Monday, June 4, 2012

Walking in Africa

I have done lots of writing and lots of walking here in South Africa. On the weekend I walked everywhere and on most streets I was the only white person. I visited the Mall, and walked past the markets and up to the University. Most white people were in cars-small, mostly white ones-and other people walked. I walked too.

Sunday was fascinating in terms of who was on the street and what times they were there and then everyone headed to Church. I went wine tasting via car, a tan Land Rover. The driver told me he was Khoisan. He told me all he knew of SA history. Some of it was very sad and some was amazing. Many things I never knew, how could I? You really have to work hard in the States to learn about Africa. I asked many questions and learned.  Louwtjie was an excellent tour guide and owns the company. I made him work for the money which you MUST do here. Collected me at 9 am, 4 vineyards, lunch (not included) and back at the hotel at 4 pm. R1200, cash, paid upfront the night before (so African)! I think the price was ok.        

The Winelands are magnificent. The mountains and valleys, the vineyards and farms, and the absolutely picturesque buildings. It was spectacular. Murphy's law, of course, only 4 of my 62 pictures of the vineyards came out...the wine was good too.

Today is Monday and I did some more walking and some loitering. I NEVER sit at coffee shops. I just never have. I see people do it in movies and I wonder why I never do. It looks....meaningful. Today, I loitered at a table on the street near a main intersection in Stellenbosch. I just kept ordering tea, read my Cape Times and loitered. I watched and people watched me too. Stellenbosch is a University town so there were students and school children in uniforms. There were ladies lunching and women doing the grocery run. Lots of workers and other shoppers. For my first ever, real loitering gig, I think I did fine. The waitress was happy to see me go. I am not sure it was meaningful but I did come to a conclusion. This place is so very diverse. It does not know how to handle this diversity. This place becomes more diverse all of the time.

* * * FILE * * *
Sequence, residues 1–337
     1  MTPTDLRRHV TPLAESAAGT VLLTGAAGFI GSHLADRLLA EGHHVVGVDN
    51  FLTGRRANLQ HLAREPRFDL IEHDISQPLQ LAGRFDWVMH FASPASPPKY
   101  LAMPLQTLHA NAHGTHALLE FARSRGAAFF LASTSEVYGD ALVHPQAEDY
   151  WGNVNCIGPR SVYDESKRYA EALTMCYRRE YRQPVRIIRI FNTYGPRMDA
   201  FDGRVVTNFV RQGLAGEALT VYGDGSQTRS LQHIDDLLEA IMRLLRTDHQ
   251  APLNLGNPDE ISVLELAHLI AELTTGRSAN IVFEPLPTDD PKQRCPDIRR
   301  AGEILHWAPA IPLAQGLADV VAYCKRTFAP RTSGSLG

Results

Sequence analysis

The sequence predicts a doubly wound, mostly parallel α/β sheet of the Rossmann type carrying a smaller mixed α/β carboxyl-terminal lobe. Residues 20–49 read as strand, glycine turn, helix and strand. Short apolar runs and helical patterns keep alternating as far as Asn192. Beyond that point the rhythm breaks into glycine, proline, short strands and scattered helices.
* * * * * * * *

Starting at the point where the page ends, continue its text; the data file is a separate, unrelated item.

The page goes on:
So frequently I see similarities with Southern Africa and the US. We, in California, watch senseless drug violence in Mexico and then deal with the immigrant/refugees. We face the decline of the white majority and the growth of all kinds of race mixtures and ethnicities who speak other languages and attend school and live next door and walk the streets. This dealing with the differences never ends, I don't believe. Moreover, it is often not at all pretty.  

My loitering with intention ended and I left the coffee shop and began to walk again. I came across a bookshop that I had previously ignored. In that shop I bought a book call Shoe Shop. The book is part of a larger project developed by, among others, a German writer and curator, Marie-Hélène-Gutberlet. The book followed an exhibit and festival in Johannesburg in May celebrating the migratory nature of South Africans. The book is an anthology of movement, mobility, feet, physicality and shoes. As I purchased the book, the shop-owner and I discussed the effort to understand SA. She said that is even more challenging for those who live here.

Tomorrow, I head back to the bookstore. The shop-owner wants me to read an out-of-print book written by Sindiwe Magona. She is bringing it from home and says I can finish it in one day. I will do that and then leave South Africa for Malawi then Dar es Salaam.      

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